Walking has been associated with spiritual journeys since antiquity. From pilgrims visiting sacred sites to wayfarers seeking a divine path to those who walk as a meditative practice or an instrument for prayer, walking as a form of spiritual discovery or redemption recurs regularly in literature, music, and the visual arts. Movement in the body, many believe, kindles movement in the mind. Walking a labyrinth, for example, is an ancient technique for prayer and meditation. The ritual of pilgrimage enables people to leave their ordinary lives behind while transporting themselves not only to a different physical space but also to a different state of awareness. Walking is also a common metaphor among diverse belief systems for seeking a spiritual or religious goal.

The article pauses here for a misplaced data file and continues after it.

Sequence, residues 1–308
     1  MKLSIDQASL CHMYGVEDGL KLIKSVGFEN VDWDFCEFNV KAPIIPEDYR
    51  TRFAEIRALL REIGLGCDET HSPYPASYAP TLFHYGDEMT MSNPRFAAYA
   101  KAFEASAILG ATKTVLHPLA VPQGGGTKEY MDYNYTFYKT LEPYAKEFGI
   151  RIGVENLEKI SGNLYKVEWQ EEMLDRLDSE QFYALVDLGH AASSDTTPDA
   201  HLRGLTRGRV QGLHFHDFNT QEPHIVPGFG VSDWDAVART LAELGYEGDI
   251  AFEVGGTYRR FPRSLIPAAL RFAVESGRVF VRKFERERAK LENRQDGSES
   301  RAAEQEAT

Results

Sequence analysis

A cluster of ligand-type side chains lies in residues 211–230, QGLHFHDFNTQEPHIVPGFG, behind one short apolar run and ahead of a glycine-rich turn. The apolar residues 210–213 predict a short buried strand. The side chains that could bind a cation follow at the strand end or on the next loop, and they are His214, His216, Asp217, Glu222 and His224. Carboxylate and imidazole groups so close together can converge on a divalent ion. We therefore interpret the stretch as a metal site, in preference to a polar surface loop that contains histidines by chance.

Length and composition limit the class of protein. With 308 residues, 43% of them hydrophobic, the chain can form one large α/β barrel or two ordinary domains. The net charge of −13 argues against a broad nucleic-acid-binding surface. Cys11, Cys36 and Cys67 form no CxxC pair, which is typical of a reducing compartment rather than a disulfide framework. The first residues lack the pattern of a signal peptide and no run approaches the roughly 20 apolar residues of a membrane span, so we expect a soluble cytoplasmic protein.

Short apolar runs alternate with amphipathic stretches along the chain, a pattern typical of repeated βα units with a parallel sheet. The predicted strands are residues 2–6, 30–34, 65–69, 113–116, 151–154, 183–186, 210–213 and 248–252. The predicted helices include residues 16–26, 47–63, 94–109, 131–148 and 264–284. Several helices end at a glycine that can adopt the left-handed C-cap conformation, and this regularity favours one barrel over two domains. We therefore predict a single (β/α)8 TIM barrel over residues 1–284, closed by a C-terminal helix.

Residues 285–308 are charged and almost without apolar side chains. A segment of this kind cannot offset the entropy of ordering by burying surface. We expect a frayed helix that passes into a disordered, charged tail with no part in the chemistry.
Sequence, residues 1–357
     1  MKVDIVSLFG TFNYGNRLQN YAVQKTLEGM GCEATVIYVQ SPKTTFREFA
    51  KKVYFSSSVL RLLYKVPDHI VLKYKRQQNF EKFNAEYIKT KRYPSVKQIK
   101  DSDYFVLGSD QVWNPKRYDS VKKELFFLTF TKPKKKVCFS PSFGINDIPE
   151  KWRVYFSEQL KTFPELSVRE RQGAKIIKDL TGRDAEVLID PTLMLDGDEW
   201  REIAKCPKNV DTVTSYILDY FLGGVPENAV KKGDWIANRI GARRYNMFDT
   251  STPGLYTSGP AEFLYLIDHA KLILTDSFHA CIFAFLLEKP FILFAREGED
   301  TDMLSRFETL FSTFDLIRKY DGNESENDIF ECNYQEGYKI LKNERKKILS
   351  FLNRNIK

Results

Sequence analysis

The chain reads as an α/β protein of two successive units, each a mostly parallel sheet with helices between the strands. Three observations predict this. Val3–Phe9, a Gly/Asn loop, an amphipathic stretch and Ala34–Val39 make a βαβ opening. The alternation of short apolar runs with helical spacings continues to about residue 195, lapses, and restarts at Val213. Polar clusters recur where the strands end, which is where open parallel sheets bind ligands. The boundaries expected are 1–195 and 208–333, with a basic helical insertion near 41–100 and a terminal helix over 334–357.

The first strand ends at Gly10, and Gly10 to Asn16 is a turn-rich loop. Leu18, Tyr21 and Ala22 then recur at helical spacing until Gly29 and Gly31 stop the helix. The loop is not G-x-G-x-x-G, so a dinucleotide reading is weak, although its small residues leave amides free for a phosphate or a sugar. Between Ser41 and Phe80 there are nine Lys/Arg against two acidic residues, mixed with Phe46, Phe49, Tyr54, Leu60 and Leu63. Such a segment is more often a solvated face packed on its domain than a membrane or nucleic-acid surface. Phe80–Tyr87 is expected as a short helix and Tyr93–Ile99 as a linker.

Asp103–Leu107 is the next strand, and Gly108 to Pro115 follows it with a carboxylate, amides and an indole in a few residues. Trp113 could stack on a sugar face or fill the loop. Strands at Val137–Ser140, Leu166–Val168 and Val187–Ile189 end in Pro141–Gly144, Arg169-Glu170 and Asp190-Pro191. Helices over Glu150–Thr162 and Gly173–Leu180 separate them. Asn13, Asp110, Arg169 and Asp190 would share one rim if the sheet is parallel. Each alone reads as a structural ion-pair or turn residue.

The works of art on display in SACRED | Journey explore the concept of walking as a sacred or spiritual activity. Such diverse objects as a 15th-century bronze “Walking Buddha” from Thailand and a 19th-century Persian Qur’an provide historic counterpoints to the large-scale contemporary work of Chicago-based artist Stan Shellabarger and British land artist Richard Long. Conceptual to representational, metaphorical to tangible, these diverse interpretations of walking as spiritual action reflect beliefs and traditions associated with Christianity, Islam, Buddhism, and secular and nature-based spiritualism.
— Dennis Michael Jon, associate curator of Prints and Drawings with Sheila McGuire, head of School and Teacher Programs